in 2019 (Natural Resources
                                                      Canada, 2020e).

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                                Amount                                                      Spending
 Investment/program             tracked in 2020                                             related to
 name                           (calendar year)       Description                           COVID-19?

 Indigenous Services            2.37                  Funding for a diesel generating        No
 Canada                                               station in Nibinamik First
                                                      Nation (Indigenous Services
                                                      Canada, 2020).

Note: In 2019 and previous years, IISD identified additional direct transfers for fossil fuels through the
Clean Growth Program (Natural Resources Canada), Western Economic Diversification Canada, and the
Investing in Canada plan (Infrastructure Canada) (Corkal, Levin, et al., 2020). During 2020, no fossil fuel
subsidies were identified from these programs and institutions. However, as government reporting and data
publication has been impacted in some cases by the COVID-19 pandemic, it is not possible to fully assess
spending under all non-tax programs.

Table 2. Non-tax subsidies not quantified due to lack of data (2020)

                                                                                            related to
 Investment                    Description                                                  COVID-19?

 Emissions Reduction           This funding provides up to CAD 675 million to               Yes
 Fund (Natural                 eligible onshore oil and gas companies; CAD
 Resources Canada)             75 million is available to offshore oil and gas
                               companies. The purpose is to reduce methane and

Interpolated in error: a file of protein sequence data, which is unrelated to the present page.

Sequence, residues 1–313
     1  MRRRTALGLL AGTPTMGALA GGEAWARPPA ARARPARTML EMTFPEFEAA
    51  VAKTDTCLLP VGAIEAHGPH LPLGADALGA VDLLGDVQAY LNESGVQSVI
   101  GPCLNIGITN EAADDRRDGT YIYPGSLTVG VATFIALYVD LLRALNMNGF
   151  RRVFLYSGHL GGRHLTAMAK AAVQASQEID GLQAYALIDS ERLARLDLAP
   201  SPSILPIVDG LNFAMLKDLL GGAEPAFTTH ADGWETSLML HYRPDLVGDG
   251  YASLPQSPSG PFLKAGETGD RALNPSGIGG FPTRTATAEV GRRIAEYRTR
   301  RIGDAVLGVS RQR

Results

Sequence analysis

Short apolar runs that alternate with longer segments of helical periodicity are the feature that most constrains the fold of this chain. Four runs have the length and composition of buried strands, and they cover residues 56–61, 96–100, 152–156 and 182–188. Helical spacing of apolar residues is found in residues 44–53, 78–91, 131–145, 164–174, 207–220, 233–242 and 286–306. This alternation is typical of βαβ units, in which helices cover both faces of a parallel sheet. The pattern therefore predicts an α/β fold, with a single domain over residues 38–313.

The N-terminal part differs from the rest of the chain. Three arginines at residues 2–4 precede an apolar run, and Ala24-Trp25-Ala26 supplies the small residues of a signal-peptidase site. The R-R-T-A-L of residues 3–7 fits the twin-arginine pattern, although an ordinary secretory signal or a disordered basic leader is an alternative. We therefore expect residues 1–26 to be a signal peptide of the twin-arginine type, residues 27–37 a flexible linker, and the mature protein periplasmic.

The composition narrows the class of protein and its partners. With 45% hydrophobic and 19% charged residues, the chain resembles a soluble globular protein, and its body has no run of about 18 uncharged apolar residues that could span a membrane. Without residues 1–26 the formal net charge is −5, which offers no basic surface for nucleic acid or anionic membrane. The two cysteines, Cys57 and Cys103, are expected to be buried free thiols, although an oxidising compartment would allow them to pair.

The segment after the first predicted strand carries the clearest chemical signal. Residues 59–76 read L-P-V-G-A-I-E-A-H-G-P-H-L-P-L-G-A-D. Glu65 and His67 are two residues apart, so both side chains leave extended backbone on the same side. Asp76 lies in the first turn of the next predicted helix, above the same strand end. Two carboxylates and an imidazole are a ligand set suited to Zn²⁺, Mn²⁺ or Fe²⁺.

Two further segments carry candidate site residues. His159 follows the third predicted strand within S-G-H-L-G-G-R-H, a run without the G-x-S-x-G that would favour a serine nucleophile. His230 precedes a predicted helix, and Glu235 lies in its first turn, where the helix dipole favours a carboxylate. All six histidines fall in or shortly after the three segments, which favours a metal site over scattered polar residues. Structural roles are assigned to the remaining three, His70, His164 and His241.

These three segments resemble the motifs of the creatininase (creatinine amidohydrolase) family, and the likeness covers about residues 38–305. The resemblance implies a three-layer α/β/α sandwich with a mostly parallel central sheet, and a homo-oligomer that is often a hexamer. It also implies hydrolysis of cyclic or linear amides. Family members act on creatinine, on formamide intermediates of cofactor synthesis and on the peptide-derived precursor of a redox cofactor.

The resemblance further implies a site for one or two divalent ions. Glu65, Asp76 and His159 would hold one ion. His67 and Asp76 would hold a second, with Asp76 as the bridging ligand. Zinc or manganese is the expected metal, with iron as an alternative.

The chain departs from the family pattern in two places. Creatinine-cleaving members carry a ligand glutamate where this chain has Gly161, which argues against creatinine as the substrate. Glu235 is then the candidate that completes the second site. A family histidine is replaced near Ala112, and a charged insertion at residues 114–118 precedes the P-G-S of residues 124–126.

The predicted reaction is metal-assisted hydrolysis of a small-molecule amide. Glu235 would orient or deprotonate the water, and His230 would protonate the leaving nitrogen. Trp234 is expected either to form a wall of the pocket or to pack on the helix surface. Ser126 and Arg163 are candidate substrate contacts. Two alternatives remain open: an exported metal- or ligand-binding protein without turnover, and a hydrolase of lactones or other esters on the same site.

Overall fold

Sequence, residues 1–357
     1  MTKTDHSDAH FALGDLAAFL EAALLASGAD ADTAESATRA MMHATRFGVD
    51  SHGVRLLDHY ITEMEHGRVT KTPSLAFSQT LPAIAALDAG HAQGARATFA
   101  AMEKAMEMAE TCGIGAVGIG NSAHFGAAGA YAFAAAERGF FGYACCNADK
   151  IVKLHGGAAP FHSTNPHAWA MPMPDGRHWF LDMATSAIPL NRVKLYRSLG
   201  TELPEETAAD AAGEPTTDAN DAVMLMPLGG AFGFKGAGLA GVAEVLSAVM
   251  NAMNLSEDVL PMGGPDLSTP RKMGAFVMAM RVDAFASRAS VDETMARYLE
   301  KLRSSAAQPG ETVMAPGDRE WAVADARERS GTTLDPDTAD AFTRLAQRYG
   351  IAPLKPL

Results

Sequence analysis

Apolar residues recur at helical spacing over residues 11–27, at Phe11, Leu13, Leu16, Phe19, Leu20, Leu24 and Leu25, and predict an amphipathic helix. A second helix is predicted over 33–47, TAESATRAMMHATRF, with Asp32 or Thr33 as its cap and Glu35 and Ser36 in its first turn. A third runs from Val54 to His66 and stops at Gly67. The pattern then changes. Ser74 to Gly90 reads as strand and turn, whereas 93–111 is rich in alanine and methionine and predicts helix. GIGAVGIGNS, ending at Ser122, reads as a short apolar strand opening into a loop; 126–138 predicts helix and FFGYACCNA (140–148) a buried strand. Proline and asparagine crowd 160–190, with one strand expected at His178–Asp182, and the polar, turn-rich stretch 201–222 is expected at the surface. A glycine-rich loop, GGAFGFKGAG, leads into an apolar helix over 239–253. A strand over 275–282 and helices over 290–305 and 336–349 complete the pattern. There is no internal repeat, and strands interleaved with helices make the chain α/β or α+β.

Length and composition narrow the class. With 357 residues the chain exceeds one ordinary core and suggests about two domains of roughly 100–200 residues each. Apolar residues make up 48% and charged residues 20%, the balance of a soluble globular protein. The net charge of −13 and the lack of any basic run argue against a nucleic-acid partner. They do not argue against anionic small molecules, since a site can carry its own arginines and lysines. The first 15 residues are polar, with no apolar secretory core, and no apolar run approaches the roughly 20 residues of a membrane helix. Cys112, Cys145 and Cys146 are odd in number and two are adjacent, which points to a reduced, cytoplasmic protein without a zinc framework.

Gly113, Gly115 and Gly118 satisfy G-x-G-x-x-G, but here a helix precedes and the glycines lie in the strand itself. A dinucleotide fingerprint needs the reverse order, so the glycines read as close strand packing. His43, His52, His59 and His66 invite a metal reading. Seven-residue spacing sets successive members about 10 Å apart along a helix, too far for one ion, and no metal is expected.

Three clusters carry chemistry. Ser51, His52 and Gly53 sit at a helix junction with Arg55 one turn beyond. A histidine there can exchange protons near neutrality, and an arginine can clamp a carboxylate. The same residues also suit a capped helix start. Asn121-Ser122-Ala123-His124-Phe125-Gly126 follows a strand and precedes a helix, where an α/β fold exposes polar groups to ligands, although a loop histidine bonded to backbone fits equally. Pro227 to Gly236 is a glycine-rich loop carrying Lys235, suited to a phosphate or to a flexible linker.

other emissions. Funds will be provided over two
                               years (Natural Resources Canada, 2020f). This fund
                               includes both repayable funding and grants, and it
                               is not yet clear what the final breakdown will be.

 Repayable loan to             As part of funding for orphan and abandoned                  Partial
 Alberta’s Orphan Wells        wells announced in April, the federal government
 Association                   included a CAD 200 million loan (Office of the
                               Prime Minister, 2020a). The subsidy portion of this
                               loan is not possible to calculate due to a lack of
                               data on the terms of the loan.

 Business Credit               Run through EDC, this program is available to                Yes
 Availability Program          small and medium-sized companies, including
 (BCAP) Guarantee –            exploration and production companies in the oil
 Reserve-Based Lending         and gas sector. Loans are provided through a
 for small and medium-         company’s financial institution and guaranteed by
 sized oil and gas firms       EDC (EDC, 2020a, 2020b).

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                                                                                         related to
 Investment                    Description                                               COVID-19?

 Bank of Canada                To support the flow of credit for corporate issuers       Yes
 corporate bond                in Canada, the Bank of Canada launched a one-
 purchase program              year, CAD 10 billion Corporate Bond Purchasing
                               Program (CBPP) (BDC, 2020). The CBPP will
                               purchase eligible corporate bonds in the secondary
                               market from a list of eligible sectors and large
                               Canadian companies. The list includes 19 fossil fuel
                               companies (Bank of Canada, 2020)

 Low-Carbon Economy            CAD 100 million was announced to support                  No
 Fund investment to            low-carbon initiatives in Alberta, including but
 support low-carbon            not limited to clean technology and industry
 projects in Alberta           (Environment and Climate Change Canada, 2020a).
                               Previous allocations under this fund have been
                               provided to fossil fuel producers in the past (Corkal,
                               Levin, et al., 2020), but it is not yet clear what
                               portion of the new allocation will be a subsidy.

 Petroleum Technology          This organization receives annual support from            No
 Research Centre               the federal government, but figures from 2020 are
                               not yet available. Support appears to be declining:
                               CAD 20,000 was provided in 2019/20, compared
                               to CAD 824,000 in 2017/18 (Petroleum Technology
                               Research Centre, 2018, 2020).

 EDC                           Canada provides over CAD 13.2 billion per year in         No
                               public finance to the fossil fuel sector at home
                               and abroad (EDC, 2019; Oil Change International,